I paid for a sandwich at a drive-through this week. It was $5.99.
I handed three toonies through the window.
At this point, there is always an awkward moment. Does one wait for a penny’s change? Does one say, “Keep the change” and risk a “Gee, thanks, big spender” from the teenager at the till?
Or do you hit the gas before it becomes an issue?
Mostly, I’m able to avoid the problem by keeping a $10 bill handy for just such occasions. There’s no shame in waiting for two toonies and a penny in change. It all goes into the ash tray — the toonies add up and you use them the next time.
Unfortunately, the pennies add up, too. That sigh you just heard was the fast-food till tender after she’s been handed a fist full of pennies.
Counting pennies does not come naturally to someone who has been educated with a built-in i-pad calculator and trained on a pre-programmed cash register.
Meanwhile, I feel the eyes of the customer in the car behind me burning into the back of my head like a laser, for it is a capital offence to slow the lineup.
Everywhere, there are pennies. Each day I return home with pockets full of metal coinage, some of which goes on the kitchen counter, some in the change bowl, some in various drawers, and the rest simply disappears into thin air (although I caught Syd poking around in my change bowl Friday morning, ignoring anything smaller than a toonie — this might be a clue).
Every once in awhile we do a complete sweep of the place and dump all the change into a bucket. Eventually, the quarters get used up on parking meters, the bigger coins on staples. The problem then becomes what to do with a bucket full of pennies.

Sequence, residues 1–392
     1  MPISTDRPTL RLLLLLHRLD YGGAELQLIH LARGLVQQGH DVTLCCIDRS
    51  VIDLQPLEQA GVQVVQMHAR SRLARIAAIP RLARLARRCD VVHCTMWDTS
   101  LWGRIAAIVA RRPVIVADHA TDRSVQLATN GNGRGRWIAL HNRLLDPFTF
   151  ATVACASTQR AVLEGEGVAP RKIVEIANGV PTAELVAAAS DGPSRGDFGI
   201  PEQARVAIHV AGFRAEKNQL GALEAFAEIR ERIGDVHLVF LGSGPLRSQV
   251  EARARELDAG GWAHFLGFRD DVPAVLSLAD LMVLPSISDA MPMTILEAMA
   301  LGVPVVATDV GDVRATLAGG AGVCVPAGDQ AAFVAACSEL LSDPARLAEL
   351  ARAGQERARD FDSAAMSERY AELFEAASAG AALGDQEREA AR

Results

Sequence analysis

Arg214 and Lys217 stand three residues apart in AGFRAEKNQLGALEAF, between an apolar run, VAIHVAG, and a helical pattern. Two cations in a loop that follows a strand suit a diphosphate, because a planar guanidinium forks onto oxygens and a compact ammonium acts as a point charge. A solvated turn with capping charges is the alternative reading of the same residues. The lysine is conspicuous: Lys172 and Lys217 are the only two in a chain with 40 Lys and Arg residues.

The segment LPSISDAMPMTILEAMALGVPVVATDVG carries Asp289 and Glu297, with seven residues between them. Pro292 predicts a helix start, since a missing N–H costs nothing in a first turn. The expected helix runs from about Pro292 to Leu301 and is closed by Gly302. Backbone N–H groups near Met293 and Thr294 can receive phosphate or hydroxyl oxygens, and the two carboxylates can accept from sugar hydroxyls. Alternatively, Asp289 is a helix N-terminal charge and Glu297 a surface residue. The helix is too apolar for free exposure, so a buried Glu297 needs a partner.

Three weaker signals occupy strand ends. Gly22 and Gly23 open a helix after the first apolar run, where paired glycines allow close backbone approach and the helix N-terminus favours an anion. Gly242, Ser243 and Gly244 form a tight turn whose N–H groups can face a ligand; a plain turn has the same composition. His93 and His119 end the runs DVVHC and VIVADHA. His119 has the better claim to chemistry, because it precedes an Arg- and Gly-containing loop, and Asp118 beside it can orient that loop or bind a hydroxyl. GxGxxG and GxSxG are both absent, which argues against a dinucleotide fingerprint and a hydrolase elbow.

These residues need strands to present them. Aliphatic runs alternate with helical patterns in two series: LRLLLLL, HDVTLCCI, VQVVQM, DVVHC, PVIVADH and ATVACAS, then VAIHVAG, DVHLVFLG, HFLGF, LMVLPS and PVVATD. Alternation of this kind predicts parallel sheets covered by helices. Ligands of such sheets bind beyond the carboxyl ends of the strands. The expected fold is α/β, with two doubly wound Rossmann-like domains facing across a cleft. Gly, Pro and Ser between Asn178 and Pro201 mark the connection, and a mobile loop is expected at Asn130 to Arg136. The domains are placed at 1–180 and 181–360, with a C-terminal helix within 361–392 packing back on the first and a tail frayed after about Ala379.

It’s estimated that it costs 1.6 cents to make a penny. I’ve never seen a study on the labour cost involved in taking a bucket of pennies and putting them all into those little paper rollers, but I do know it’s not worth it.
The announcement Thursday that the Canadian penny is on the way out has, of course, provided an opportunity to employ every trite penny saying known to man or woman.
People are lamenting the fact they’ll no longer be able to offer “a penny for your thoughts,” or be secure in the knowledge that “a penny saved is a penny earned.”
When we refer to someone as a “bad penny” he or she won’t know it’s an insult. There will be no more “pretty pennies,” and we can no longer chastise the government for pinching pennies or being “penny-wise and pound-foolish.”
No more penny ante schemes. When the penny finally drops, what will it matter?
None of us, not a single one, will have a penny to our name.
What’s next, the loonie — the very symbol of all things Canadian? The toonie? Where does it end, rounding everything to the nearest five dollars?
No, when you count the pluses and minuses, there’s more bad than good in this. And that cashier I gave the three toonies to the other day? She didn’t even offer me my penny’s change. So I just drove away.
If I had a nickel for every time that’s happened….